Solving Equations

The goal of solving equations
When you are trying to solve an equation like:

x2 = 4,

you are trying to determine all of the numerical values of x that you could plug into that
equation. In this case, the numerical values that you could plug in are x = 2 and x = -2.

The numerical values that you find are called the solutions of the equation.

Some people find it helpful to interpret algebraic equations as verbal sentences in order to
themselves of what they are trying to accomplish. Some examples are given in
Table F.1 below.

Algebraic equation Equivalent sentence Solution(s)
x2 = 4 “What number, when you square them , give you
x = 2, x = -2.
x + 2 = 8 “What number, when you add 2 to it, gives you
x = 6.
2x = 16 “What power of 2 gives you 16?” x = 4.
“What numbers, when you plug them into the
, give you zero?”
x = 1, x = -2.

Table F.1: Algebraic equations, equivalent sentences and solutions.

Solving linear equations

A linear equation is one that only involves x - there are no powers of x, no radicals involving
x, no fractions with x in the denominator .

Solving linear equations involves expanding any brackets, grouping like terms and
simplifying as much as possible.

Linear equations always have exactly one solution.

Example F.1

Solve the following equations to find x.

c) y = m×x + b.


The working in part (c) involves the important assumption that m is not equal to zero.

Solving quadratic equations

Quadratic equations are equations that involve only x2, x and constants. Quadratic equations
may have one, two or no solutions.

Quadratic equations can be solved by factoring.

Example F.2

Find all solutions of the following quadratic equations. If you find less than two solutions,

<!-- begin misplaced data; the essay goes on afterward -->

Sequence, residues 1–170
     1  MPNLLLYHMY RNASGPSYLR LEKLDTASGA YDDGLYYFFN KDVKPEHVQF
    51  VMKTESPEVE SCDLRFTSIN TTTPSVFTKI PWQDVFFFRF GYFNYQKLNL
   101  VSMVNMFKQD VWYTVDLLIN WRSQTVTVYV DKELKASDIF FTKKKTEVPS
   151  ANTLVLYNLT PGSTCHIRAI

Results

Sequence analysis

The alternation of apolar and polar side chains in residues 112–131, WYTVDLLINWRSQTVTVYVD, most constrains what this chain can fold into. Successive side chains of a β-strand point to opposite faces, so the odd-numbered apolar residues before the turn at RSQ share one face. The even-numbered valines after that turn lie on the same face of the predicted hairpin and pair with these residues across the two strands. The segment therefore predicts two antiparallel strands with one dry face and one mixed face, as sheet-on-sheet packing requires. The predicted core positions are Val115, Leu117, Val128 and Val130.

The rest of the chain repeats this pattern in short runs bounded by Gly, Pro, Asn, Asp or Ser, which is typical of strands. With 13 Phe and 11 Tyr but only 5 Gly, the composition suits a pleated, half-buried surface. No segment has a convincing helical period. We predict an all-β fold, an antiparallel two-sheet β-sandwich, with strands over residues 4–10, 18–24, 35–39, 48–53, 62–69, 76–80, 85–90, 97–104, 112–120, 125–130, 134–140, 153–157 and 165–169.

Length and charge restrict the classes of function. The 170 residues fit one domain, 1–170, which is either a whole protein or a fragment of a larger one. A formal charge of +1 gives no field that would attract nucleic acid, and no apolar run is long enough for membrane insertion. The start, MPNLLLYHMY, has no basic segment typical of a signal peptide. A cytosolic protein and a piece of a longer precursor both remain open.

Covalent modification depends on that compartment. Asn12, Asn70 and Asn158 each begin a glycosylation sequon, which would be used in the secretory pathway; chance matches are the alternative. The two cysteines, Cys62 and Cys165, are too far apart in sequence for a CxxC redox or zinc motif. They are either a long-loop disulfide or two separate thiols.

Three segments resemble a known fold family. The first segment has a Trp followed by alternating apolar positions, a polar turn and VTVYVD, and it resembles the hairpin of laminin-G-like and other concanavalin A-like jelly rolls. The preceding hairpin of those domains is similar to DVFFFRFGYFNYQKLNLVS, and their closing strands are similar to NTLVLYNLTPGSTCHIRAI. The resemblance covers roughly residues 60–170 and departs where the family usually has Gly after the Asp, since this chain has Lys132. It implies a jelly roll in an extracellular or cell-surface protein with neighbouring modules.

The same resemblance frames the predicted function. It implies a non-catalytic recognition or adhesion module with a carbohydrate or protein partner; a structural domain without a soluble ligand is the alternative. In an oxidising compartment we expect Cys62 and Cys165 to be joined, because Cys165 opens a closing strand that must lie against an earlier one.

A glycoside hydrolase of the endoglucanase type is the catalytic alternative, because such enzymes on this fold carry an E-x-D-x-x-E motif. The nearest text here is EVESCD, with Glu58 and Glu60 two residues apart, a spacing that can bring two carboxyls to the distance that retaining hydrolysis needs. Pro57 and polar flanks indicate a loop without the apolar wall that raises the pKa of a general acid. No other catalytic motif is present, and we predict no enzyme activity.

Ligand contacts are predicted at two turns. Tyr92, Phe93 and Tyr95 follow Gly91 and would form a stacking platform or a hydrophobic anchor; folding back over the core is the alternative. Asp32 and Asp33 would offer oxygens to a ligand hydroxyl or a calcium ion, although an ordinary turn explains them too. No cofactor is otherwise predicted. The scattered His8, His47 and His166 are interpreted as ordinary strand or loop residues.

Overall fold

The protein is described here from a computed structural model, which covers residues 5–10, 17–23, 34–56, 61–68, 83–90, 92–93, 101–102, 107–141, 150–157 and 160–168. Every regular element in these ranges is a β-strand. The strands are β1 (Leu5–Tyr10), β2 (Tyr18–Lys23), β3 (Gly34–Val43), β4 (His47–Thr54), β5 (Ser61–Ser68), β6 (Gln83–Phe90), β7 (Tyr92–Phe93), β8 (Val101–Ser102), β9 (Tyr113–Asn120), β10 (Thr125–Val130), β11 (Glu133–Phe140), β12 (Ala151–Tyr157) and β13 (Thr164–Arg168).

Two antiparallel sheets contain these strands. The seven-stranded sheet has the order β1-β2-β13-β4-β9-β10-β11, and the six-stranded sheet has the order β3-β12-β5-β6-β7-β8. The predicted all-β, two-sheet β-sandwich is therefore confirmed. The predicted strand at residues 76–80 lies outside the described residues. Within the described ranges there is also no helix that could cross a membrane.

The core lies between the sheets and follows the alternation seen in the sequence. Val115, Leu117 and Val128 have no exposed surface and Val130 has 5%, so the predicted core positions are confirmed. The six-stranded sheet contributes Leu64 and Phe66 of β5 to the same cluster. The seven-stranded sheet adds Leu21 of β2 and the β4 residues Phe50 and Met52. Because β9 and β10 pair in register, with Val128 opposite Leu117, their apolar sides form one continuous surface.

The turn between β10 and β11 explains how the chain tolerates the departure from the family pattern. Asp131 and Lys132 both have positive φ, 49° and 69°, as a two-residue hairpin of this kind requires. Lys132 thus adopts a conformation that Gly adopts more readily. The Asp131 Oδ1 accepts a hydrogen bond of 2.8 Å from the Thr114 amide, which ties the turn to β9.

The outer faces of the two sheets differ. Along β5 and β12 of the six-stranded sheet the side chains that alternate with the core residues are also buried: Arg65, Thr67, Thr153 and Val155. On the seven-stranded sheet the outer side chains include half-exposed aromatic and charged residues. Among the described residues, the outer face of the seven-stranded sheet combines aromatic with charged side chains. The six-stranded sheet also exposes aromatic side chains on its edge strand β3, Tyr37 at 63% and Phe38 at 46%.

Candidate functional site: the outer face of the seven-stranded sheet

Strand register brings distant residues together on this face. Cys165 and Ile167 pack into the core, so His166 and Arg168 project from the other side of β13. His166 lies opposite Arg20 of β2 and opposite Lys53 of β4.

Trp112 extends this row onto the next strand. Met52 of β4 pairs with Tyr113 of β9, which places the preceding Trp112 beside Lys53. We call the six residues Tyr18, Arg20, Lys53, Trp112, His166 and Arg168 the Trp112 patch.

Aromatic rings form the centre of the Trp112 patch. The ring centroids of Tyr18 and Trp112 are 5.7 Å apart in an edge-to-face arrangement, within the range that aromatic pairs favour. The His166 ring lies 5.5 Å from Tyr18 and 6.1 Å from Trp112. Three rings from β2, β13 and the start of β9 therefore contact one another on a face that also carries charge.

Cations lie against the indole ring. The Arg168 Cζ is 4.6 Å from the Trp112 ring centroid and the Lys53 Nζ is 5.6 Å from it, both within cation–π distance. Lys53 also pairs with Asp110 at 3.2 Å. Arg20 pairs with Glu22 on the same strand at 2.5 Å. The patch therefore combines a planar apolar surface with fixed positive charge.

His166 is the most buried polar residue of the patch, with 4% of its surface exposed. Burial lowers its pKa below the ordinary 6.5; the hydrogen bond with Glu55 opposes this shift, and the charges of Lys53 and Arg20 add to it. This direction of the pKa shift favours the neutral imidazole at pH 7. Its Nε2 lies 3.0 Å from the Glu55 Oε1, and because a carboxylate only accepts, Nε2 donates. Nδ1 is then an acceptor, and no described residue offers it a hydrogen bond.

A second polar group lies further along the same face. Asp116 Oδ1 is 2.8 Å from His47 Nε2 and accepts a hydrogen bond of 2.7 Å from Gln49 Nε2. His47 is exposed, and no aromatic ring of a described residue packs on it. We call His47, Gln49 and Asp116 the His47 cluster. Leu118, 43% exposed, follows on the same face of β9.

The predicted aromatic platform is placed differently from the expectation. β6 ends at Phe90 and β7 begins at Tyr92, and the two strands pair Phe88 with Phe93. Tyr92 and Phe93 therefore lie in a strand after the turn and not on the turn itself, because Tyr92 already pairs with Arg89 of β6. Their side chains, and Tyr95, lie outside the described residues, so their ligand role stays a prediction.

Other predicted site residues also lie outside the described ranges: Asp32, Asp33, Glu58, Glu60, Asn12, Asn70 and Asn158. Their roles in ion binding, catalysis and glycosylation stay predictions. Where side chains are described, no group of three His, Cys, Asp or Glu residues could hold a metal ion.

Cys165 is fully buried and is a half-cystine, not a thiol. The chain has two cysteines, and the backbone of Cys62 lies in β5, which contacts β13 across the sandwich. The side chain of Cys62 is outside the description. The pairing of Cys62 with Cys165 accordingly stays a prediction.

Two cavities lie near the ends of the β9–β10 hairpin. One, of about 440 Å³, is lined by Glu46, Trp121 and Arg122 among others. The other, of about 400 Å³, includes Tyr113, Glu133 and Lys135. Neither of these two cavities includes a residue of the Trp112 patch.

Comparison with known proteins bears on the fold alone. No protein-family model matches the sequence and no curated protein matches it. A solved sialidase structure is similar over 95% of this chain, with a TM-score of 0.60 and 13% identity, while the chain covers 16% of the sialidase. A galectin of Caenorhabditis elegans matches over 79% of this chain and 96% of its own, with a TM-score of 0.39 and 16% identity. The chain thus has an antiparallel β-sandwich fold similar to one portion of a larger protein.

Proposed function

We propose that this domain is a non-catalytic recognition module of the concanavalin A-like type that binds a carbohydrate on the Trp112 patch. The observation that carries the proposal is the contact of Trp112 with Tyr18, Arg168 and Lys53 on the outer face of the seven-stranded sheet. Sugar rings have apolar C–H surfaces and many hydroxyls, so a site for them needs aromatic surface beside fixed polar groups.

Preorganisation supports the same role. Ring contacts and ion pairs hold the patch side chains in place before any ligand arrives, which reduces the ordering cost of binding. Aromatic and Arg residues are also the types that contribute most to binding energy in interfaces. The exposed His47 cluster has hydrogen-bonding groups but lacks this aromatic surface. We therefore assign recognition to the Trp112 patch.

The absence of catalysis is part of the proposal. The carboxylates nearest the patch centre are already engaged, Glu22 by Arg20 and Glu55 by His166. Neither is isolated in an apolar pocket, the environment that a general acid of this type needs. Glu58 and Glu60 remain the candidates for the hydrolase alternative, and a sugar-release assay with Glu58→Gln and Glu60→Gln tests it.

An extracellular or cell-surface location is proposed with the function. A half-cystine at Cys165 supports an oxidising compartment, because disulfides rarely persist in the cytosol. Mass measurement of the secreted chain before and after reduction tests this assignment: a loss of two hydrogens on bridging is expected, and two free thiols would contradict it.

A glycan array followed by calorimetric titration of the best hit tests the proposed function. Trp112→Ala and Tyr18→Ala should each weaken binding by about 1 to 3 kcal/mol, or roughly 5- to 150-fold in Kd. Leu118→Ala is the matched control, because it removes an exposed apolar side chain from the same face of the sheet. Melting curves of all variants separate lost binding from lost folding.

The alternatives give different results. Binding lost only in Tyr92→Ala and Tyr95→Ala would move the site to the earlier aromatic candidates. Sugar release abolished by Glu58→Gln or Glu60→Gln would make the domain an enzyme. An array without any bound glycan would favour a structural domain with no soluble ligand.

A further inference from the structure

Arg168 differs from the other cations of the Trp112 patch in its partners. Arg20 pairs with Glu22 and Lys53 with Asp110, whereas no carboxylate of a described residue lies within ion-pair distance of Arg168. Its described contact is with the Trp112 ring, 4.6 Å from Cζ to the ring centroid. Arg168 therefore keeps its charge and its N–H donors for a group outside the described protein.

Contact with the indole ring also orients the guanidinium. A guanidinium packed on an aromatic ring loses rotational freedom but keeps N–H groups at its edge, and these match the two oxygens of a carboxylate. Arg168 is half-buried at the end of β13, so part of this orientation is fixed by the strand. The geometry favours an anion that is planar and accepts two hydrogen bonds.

explain how you know that you have found all of the possible solutions of the quadratic

a) x2 + 4x + 4 = 0.
b) x2 + 9x = -18.
c) 3x2 + x = -2.

a) The left hand side of this quadratic expression is a perfect square,
(x + 2)2 = (x + 2)(x + 2) = 0.
To find the values of x that can be plugged in, ask yourself, “What values of x should I plug
in to make each factor equal to zero?” In this case, there is only one possible value of x,
namely x = -2.

b) The first step here is to get all of the non- zero terms on the left hand side of the

x2 + 9x + 18 = 0.

The left hand side can now be factored and analyzed in the same was as Part (a). Factoring
the left hand side of the quadratic equation:

(x + 6)(x + 3) = 0.

The values of x that can be plugged in to make the factors equal to zero are x = -6 and x =
-3. This quadratic equation has two solutions.

c) Proceeding in the same fashion as Part (b):

3x2 + x + 2 = 0.

This quadratic cannot be factored. You can verify this by calculating the quantity b2 - 4ac:

b2 - 4ac = 1 - 4×3×2 = -23.

Since this is negative, the quadratic expression 3x2 + x + 2 cannot be factored. Because
there are no factors, the quadratic equation:

3x2 + x + 2 = 0

has no real number solutions.

Solving power and radical equations

Power equations are equations involving only a single power of x and constants. For

x2 = 4 + 0.5x2

is a power equation, because it involves only a single power of x (in this case, the power is
x2) and constants.

An equation like

x2 + 2x = 9

is not a power equation because it involves more than one power of x (this equation involves
x = x1 and x2).

Radical equations are like power equations, except that in a radical equation, the power of x
can be a fraction.

Solving power and radical equations is an application of the laws of exponents (see
Appendix A):

Example F.3

Find solutions of the following equations. If you are unable to find any solutions explain
why it is mathematically impossible to find real numbers that satisfy the given equation.

a) Applying the laws of exponents to both sides of the equation:

b) Applying the laws of exponents to both sides of the equation, and noting that

c) This equation has no real numbers x that can be plugged in to it. One way to see this is
to convert the algebraic statement of the equation into a verbal sentence. In this case, the
sentence might be something like, “What number, when squared, gives negative one?”
Since squares are always greater than or equal to zero, it is impossible to find a real number
that is negative when you square it.

Solving equations involving fractions